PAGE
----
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My commute roads are sometime rough (but not as rough as others have mentioned in my "lets compare road thread") so I went with a cyclocross bike with drop bars. That bike also has Tektro RL721 top bar levers so I can still brake easily when using the top bar (where I spebd most of my time, unless it's really windy). I find it's a great bike for my 12.5 miles commute.
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Old 08-09-17, 10:53 AM
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Ala #3, "cross" below overspending for an actual CX racing bike , will be, for purpose of discussion here, a slightly lighter touring bike .

A bike built around a frame built using a little lighter materials.

So what brands are carried by your local shop that you can test ride.. ??





....

Last edited by fietsbob; 08-09-17 at 10:56 AM.
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Old 08-09-17, 12:17 PM
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I have a cx race bike, a cx race bike built up as a commuter with drop bars (rack/fenders) and a cx frameset I built up with a rack, fenders, riser bars, thumb shifter and 1x10 drive train. I also spent years trying to make road bikes into commuters, forcing fenders and racks to somehow work.

My advice is to go for the true commuter/tourer bike. You can still do exercise rides, but you won't have to deal with the issues of mounting stuff on a true CX bike, which really are not made for racks and fenders.

Good luck!
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Old 08-09-17, 12:53 PM
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@acidfast7, there's a bike manufacturer that calls itself Bike Manufacturer?
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Old 08-09-17, 12:55 PM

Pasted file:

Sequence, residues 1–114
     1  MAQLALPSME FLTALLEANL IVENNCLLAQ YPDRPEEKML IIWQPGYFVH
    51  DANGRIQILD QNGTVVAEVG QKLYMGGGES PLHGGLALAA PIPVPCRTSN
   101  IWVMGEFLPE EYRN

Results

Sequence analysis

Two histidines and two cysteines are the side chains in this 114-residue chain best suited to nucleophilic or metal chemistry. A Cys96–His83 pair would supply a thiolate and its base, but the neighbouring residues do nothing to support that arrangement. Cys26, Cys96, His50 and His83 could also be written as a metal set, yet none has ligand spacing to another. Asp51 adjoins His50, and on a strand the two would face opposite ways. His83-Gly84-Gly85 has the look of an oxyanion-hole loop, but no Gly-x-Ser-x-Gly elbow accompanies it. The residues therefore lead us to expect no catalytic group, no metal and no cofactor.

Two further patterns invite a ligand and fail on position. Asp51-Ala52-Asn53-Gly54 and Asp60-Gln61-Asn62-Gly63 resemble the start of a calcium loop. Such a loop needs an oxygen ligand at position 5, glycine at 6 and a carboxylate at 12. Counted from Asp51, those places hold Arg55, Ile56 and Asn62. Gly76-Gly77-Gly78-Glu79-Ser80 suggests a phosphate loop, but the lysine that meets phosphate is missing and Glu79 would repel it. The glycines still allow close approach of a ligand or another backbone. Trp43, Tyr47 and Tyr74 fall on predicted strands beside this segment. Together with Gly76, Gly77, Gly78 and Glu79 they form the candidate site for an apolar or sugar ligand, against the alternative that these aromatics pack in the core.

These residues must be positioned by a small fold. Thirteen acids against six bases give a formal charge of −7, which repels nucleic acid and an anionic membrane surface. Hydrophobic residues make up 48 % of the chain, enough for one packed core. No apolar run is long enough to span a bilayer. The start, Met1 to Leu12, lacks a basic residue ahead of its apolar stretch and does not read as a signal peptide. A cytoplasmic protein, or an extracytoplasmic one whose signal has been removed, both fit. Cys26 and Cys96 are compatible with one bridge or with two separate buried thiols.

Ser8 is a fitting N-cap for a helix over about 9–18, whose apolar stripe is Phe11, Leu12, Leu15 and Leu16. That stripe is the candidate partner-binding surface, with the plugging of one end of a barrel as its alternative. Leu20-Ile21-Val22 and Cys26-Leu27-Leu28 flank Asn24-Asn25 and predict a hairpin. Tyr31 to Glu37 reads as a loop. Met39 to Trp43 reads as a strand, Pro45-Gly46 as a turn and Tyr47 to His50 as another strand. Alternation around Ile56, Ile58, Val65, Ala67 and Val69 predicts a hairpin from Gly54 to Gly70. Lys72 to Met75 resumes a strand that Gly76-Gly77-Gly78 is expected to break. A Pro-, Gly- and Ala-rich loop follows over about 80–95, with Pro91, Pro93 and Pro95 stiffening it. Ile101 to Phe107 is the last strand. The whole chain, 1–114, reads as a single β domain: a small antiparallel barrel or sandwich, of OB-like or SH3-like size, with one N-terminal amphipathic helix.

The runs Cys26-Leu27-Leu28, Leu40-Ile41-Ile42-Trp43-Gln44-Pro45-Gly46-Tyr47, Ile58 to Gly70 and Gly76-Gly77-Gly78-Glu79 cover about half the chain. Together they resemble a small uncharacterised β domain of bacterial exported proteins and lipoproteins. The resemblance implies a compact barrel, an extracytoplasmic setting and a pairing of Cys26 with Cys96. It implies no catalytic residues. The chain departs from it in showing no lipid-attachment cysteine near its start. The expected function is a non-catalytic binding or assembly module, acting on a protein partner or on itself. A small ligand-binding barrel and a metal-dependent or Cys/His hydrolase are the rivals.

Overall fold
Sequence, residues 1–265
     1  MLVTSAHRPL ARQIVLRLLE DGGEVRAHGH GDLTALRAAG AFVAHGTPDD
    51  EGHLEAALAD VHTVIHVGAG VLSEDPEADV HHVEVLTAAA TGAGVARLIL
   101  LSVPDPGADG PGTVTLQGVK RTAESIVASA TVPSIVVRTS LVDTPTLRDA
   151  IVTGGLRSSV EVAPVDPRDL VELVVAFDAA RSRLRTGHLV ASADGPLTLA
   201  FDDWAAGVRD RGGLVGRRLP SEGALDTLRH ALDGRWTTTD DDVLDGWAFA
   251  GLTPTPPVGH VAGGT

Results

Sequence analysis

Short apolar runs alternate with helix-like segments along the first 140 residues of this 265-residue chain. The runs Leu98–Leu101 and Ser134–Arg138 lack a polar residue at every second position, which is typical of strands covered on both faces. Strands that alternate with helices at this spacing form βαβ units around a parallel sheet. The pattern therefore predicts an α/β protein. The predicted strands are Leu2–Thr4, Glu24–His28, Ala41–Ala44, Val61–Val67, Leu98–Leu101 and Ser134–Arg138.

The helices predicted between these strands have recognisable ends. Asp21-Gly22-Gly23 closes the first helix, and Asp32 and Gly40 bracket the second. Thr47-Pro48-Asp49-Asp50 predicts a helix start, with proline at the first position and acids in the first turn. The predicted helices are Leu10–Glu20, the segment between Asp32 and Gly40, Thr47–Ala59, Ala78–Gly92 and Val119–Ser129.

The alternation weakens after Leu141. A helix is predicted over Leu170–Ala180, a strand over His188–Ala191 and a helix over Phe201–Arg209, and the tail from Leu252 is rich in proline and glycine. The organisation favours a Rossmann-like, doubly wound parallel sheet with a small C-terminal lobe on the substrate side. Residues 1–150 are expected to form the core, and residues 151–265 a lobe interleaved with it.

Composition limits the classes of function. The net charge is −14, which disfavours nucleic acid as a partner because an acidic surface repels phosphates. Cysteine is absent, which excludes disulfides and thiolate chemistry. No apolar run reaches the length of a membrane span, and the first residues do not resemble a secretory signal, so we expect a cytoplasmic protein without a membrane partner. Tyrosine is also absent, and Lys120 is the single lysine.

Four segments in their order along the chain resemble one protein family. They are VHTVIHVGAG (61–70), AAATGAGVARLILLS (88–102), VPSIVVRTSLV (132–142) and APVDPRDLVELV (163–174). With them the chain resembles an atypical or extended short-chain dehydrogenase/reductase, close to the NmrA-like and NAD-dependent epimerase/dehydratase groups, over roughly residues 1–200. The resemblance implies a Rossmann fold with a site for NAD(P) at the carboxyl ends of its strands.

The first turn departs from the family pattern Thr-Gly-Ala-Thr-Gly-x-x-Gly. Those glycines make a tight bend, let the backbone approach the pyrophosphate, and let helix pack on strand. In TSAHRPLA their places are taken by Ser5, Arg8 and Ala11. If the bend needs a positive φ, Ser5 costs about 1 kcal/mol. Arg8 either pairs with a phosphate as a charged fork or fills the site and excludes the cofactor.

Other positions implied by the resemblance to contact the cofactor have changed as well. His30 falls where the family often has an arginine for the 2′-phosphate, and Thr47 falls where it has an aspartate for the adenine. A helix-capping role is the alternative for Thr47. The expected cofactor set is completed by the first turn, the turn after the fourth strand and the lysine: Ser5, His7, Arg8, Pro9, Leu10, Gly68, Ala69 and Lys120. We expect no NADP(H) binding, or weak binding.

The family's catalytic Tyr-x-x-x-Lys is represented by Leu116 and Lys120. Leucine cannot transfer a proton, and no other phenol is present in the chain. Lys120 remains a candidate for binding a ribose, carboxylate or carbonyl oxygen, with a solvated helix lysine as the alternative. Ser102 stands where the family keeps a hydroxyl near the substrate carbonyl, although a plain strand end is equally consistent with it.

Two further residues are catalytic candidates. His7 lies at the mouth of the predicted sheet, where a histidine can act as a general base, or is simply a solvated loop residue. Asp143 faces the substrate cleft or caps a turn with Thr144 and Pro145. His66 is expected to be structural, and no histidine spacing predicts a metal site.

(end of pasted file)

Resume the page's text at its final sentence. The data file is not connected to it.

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Swiss BMC is for bike making company.



My 12 mile commute was an hour each way..






.....

Last edited by fietsbob; 08-20-17 at 12:37 PM.
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Old 08-09-17, 01:38 PM
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i use the surly crosscheck which is a cyclocross bike but intended to be used as a light touring bike. i don't cyclocross, but it's a beast when it's not loaded. super fast when commuting, i was faster on it than a road bike i had. i have fenders installed. it's also fine for putting weight on it. for the front derailleur (compact), i added one more ring to make it a triple. but when i did that, i had to change the rear derailleur and the bottom bracket as well. it set me back about a $200 for the labor and the change. i use the bike for commuting primarily, and bike camping / touring.

if you're doing a 12 mile commute i would just go with a touring bike - or go for something like my bike (both a cyclocross and a touring bike) if you want to do more than "cruise" for exercise. i'm guessing you don't need a racing cyclocross bike.
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Old 08-09-17, 01:48 PM
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Originally Posted by noglider View Post
@acidfast7, there's a bike manufacturer that calls itself Bike Manufacturer?

It's actually "VSF Fahrradmanufaktur"

VSF stands for "Verbund Service und Fahrrad gemeinnütziger e. V. (VSF)" which is Trade Association (a non-profit organisation) ... or now, quite simply, "Verbund Selbstverwalteter Fahrradbetriebe [Association of Self-governed Bicycle Companies]" with about 300 members. Name simplification occurred in 2010.

Then "vsf fahrradmanufaktur" was the first company formed out of VSF.

Here is the VSF webpage: https://www.vsf.de/

"vsf fahrradmanufaktur" are the guys that make the bikes.

Willkommen in Deutschland.
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Old 08-09-17, 01:50 PM